“In my distress I called to the Lord; I cried to my God for help. From his temple he heard my voice; my cry came before him, into his ears.” –Psalm 18:6
“I sought the LORD, and he answered me; he delivered me from all my fears.” –Psalm 34:4

Don’t let criticizing parents tear you down. They won’t all like you or agree with you. I can’t even count the number of days I went home and cried (or couldn’t hold back the tears while I was still at school) because of a parent who thought that I was doing something wrong. I have now been yelled and cursed at- some parents can be really mean. But if you are working hard at your job and serving your students right, don’t doubt yourself. As Taylor Swift would advise you, “Shake it off! Shake it off!” J Keep your head up, and your dedication to their child will shine through.
“Have I not commanded you? Be strong and courageous. Do not be afraid; do not be discouraged, for the Lord your God will be with you wherever you go.” –Joshua 1:9

Pray for patience every morning. It won’t be easy. There were some days when my kids would drive me absolutely insane. There were days when I found myself mid-day thinking “holy cow, I need to chill,” because I had been frustrated and snappy with my kids.  I literally began to pray for patience every morning on my drive to school. “Better a patient person than a warrior…” –Proverbs 16:32. Patience is key. I put a note on my desk about halfway through the year as a reminder to ‘choose joy’ every day. It’s a struggle, but joyfulness leads to a delightful classroom.
“Therefore, as God’s chosen people, holy and dearly loved, clothe yourselves with compassion, kindness, humility, gentleness and patience.” – Colossians 3:12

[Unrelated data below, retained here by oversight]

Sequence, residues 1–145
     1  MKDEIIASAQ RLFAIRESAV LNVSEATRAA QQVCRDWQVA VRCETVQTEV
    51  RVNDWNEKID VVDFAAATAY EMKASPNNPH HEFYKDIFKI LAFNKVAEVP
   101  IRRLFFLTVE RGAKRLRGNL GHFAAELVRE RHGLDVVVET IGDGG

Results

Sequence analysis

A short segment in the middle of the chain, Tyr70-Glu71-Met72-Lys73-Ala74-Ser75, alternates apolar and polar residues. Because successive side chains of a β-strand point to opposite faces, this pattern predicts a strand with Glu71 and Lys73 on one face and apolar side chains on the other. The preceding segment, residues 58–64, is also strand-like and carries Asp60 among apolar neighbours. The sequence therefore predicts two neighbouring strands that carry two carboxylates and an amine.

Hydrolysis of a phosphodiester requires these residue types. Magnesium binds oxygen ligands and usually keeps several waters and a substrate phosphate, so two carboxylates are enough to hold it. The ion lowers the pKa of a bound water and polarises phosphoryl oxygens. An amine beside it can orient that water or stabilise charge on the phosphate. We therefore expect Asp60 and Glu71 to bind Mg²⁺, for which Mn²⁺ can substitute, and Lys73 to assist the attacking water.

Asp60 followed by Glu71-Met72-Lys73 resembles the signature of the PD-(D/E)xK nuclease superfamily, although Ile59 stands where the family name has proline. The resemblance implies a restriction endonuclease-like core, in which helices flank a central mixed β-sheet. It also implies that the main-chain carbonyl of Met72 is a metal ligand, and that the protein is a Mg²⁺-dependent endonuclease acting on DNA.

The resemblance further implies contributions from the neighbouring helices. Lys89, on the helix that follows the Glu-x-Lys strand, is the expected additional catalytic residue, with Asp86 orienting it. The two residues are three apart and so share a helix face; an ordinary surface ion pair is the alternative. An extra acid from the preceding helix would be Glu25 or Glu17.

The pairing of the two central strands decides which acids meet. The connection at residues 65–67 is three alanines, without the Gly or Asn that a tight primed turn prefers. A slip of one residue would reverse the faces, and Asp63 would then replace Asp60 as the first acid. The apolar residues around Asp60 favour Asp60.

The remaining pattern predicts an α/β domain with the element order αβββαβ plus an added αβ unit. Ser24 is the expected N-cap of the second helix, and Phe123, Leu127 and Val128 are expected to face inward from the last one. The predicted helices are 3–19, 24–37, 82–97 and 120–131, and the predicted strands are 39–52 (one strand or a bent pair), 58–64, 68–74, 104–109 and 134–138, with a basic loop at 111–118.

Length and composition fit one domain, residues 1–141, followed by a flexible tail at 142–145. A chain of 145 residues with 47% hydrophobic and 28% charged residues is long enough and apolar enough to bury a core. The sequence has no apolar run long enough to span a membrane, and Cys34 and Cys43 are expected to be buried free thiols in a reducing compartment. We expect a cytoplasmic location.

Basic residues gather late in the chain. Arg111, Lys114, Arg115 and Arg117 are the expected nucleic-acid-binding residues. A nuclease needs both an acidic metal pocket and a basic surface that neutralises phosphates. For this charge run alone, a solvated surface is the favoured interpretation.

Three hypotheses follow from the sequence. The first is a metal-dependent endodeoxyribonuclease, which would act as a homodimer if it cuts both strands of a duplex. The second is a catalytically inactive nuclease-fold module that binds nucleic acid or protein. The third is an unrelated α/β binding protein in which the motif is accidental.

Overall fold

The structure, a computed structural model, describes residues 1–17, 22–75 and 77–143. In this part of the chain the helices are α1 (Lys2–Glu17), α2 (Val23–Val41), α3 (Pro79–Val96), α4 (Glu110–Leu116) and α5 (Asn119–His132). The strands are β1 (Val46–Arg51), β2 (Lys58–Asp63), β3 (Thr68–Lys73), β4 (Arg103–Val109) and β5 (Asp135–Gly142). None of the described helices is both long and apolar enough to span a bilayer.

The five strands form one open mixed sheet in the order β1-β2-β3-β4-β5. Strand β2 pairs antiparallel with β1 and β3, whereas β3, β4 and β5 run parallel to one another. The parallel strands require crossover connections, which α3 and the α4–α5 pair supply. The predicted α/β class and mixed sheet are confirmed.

Remember that loving on your students is the most important part of your job. Everything else can wait. Sometimes I would get so wrapped up in emails and paperwork that I would completely ignore the “Miss Puwbiss” being called out five times from across the room or the story I was being told about something exciting from their weekend. Building relationships and a bond of trust with your kids is the best thing you can do for your classroom. Hearing “I luh you, Miss Puwbiss” over and over is the most fulfilling thing I can hear as a teacher. That is what’s important.

What you do matters. You will look back at the end of the year and truly realize all of the progress your kids have made. It’s hard to see those things in the midst of the chaos of every day, but the work is worth it. We call our students our kids because they become just that in our hearts.  When you are spending your time with them day in and day out, you form a bond and a love that is so special. When we accept Christ as our Savior, we are called to a life of greater purpose for His glory. “The Lord will fulfill his purpose for me; your steadfast love, O Lord, endures forever. Do not forsake the work of your hands…” –Psalm 138:8. Your work is a form of worship to our God, so remind yourself of that daily. Glorify the Lord with the profession He has called you to, and He will bless you through it.

It won’t be easy, but it will all be worth it. Good luck, first-year teachers! And have fun!

"It's not what you take when you leave this world behind you. It's what you leave behind you when you go." -Randy Travis